• Leaked PlayStation Store code reveals the PS5’s last remaining secrets.
  • Sony has hardly revealed everything there is to know about the new PlayStation 5 consoles in its virtual press events so far.
  • The source code leaks address PS4 backwards compatibility and explains some of the PS5 features that Sony hasn’t revealed.

Sony’s PlayStation 5 events this year were hardly exciting. One might argue that the novel coronavirus pandemic ruined Sony’s PS5 marketing plan, but other tech giants adapted to the new conditions just fine. After the boring PS5 hardware event in March, it looked like Sony went out of its way to avoid talking about the new consoles. The PS5 design dropped via a trailer at the end of a virtual event focusing on games. Sony only addressed the design well after the show, and it provided little details about it. For example, we still have no idea how that storage expansion slot looks like, and storage will be a significant issue for some gamers.

When the time came to reveal pricing and release date information, Sony repeated the design reveal. The company listed the pricing structure and release dates at the end of a “press conference” that focused on games again. After the event, Sony addressed preorders, using Twitter, and a regular press release to not really reveal anything useful to gamers. Sony seems to be so confident that the PlayStation’s clout around will help it sell the PS5 that it didn’t even reveal the new user interface or new software features planned for the PS5. And Sony is partially right. The existing PS5 stock sold out. But it’s unclear how many consoles Sony had on hand for preorders.

This brings us to a brand new PS5 leak that reveals some of the remaining secrets of the PS5, thanks to details buried inside a web page source code over on the PlayStation website.

A Redditor and ResetEra forum members caught the source code, posting details online.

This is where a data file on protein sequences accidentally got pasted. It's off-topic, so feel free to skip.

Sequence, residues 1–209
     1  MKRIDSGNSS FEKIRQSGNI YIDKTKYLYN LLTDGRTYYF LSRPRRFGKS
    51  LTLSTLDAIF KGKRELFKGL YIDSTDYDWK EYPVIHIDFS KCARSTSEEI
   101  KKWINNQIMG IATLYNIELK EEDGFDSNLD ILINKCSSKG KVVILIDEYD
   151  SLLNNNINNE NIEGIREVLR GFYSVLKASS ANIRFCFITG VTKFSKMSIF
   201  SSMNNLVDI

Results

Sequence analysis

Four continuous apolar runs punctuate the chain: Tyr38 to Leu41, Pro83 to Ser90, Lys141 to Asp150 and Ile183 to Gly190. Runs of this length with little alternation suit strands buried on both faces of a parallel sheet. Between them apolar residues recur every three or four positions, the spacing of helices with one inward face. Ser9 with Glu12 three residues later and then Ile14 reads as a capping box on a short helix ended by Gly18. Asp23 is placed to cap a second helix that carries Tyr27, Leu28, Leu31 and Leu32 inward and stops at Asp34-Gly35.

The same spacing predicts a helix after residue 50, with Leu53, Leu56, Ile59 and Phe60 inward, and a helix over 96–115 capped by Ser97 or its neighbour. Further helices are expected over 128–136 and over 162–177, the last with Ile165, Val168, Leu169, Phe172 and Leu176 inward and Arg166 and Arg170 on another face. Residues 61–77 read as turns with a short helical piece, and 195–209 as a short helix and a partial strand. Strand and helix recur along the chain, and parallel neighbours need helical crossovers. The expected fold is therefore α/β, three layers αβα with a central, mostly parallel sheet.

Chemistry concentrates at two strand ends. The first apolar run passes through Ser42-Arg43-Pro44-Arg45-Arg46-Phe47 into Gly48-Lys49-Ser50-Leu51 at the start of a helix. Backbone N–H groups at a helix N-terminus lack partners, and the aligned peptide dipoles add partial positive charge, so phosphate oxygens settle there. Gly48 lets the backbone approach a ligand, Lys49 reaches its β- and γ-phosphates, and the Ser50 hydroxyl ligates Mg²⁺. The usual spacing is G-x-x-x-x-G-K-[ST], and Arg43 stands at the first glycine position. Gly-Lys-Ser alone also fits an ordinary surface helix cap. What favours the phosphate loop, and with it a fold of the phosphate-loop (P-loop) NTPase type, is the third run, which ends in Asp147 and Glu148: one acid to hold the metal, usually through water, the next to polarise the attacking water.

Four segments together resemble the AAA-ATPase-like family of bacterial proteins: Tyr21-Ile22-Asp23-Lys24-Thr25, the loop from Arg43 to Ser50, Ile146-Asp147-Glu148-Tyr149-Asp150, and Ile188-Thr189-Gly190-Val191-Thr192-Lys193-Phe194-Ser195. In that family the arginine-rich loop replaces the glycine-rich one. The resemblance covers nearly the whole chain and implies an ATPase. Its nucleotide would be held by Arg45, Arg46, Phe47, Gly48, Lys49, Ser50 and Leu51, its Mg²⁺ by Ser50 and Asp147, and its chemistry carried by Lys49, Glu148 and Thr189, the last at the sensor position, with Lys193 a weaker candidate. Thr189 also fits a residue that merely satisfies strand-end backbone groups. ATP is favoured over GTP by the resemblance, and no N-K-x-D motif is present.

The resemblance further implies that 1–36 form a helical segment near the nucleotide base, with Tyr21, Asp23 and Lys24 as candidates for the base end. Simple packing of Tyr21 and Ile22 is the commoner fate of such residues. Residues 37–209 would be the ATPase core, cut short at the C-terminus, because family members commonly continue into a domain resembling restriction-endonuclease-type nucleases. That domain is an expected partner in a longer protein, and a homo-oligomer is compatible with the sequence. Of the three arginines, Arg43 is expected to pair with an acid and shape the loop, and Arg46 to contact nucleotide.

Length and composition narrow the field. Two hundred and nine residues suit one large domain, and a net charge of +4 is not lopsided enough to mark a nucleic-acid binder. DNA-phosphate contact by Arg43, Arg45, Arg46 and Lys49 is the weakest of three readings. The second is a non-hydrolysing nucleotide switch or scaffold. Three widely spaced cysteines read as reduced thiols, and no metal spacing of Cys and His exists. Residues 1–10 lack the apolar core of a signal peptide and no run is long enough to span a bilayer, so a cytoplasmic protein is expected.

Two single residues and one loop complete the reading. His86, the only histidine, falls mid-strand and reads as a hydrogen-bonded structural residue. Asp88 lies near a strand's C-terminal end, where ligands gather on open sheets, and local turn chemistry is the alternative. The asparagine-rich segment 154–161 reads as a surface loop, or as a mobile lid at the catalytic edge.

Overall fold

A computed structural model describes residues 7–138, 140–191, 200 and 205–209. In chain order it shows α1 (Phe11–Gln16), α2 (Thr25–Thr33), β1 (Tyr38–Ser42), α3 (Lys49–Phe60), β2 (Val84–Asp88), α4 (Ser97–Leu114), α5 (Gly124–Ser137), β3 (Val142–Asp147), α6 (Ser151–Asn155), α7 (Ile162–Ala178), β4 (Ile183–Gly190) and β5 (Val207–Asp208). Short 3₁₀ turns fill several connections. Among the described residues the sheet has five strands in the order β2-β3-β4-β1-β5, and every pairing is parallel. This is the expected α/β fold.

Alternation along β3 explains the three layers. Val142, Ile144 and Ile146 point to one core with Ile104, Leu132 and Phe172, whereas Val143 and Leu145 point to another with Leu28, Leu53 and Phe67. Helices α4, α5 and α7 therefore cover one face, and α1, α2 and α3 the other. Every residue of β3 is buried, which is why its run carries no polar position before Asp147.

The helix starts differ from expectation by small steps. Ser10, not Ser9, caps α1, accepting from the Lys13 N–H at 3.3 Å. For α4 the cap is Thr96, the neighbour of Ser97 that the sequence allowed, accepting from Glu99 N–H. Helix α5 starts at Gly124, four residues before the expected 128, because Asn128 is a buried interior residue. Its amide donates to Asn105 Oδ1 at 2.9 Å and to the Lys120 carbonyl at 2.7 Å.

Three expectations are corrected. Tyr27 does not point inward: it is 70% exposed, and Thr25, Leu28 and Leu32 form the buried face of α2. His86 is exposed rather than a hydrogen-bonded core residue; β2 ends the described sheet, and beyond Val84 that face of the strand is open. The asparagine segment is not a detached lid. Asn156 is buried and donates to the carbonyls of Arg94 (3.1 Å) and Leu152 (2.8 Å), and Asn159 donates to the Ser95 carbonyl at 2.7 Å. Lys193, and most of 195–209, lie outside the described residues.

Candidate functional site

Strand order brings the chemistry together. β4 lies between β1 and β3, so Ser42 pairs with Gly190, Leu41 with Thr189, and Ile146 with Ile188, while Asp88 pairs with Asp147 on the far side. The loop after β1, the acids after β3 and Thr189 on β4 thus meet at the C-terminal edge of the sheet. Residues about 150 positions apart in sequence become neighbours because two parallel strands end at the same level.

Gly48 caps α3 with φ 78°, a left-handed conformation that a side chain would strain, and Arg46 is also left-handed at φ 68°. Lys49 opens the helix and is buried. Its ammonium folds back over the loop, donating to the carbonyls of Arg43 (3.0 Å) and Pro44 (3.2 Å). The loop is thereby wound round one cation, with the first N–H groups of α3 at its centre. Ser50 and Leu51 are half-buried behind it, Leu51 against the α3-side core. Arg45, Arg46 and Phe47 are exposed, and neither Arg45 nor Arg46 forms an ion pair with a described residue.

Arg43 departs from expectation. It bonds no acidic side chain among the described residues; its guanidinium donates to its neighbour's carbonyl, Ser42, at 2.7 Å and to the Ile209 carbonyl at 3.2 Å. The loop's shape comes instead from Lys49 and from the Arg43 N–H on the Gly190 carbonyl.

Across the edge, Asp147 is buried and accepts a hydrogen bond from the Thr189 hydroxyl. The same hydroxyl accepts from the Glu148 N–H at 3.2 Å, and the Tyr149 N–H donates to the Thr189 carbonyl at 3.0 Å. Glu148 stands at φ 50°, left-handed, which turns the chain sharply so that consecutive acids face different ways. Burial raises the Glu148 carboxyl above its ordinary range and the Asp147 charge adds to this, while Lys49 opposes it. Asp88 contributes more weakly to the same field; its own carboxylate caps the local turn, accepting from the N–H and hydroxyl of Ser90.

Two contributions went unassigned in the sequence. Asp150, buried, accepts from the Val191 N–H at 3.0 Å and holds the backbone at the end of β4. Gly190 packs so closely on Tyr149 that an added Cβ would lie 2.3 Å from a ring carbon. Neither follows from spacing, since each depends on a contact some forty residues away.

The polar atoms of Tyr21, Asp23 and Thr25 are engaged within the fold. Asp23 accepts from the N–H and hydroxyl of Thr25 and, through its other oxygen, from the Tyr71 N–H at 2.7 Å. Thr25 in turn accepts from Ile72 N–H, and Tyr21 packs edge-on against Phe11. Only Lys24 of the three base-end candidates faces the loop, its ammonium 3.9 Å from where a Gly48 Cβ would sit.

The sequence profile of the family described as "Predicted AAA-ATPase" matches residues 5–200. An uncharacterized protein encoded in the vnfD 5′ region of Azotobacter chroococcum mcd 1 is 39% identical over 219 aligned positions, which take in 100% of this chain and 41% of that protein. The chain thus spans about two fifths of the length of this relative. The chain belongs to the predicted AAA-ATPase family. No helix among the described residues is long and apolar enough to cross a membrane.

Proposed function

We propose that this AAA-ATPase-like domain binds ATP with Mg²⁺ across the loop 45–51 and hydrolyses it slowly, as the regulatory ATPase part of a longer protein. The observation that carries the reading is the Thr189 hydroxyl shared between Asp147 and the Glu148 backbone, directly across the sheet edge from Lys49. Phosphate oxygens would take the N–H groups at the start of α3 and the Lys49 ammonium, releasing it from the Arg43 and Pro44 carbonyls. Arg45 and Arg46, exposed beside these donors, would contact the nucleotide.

The code provides information that might be shown on the PlayStation store through prompts or error messages.

The code explains how backwards compatibility will work, suggesting that not all PS4 games will be available initially. At least two errors messages indicate that PS4 backward compatibility will have issues, while a third one suggests that some PS4 features will not be available on PS5:

“[…] playing PS4 games on PS5, some functionalities available on PS4 may not be available. See http://www.playstation.com/ps5-backwards-compatibility for more details.”

“This PS4 game isn’t supported with your PS5’s current system software. We’re continuing to make more PS4 games playable on PS5. Update your PS5, and then try playing the game”

“This PS4 game isn’t supported with your PS5’s current system software. We’re continuing to make more PS4 games playable on PS5. Update your PS5, and then try playing the game.”

The code also indicates that developers will be able to force haptic feedback/trigger control in games. The PS5 will support “Message and voice chat with friends across PS4, PS5, and PlayStation App,” according to the code. But it’s unclear whether it’s a system-wide feature or it’s up to developers to incorporate it.

A different message indicates that PS5 will allow multiple users to share the console. The main PS5 Now account would run on the console, and everyone else will be able to access the games and subscriptions tied to that primary account. The PlayStation Store will show which games are available on PS+, PS Now, and PS+ collection.

There is some good news about storage, as the code reveals that PlayStation Plus cloud saves can be transferred manually to PS Now and vice versa via the PS5’s Saved Data Management feature.

Other leaked PS5 features include support for a wishlist, parties that can include up to 100 people, and support for sharing content (video clips, albums, artists, and tracks). There’s also a “Takedown” feature listed, although it’s unclear what that means.

You can read more about the leaked code on ResetEra and Reddit.

Chris Smith started writing about gadgets as a hobby, and before he knew it he was sharing his views on tech stuff with readers around the world. Whenever he’s not writing about gadgets he miserably fails to stay away from them, although he desperately tries. But that’s not necessarily a bad thing.

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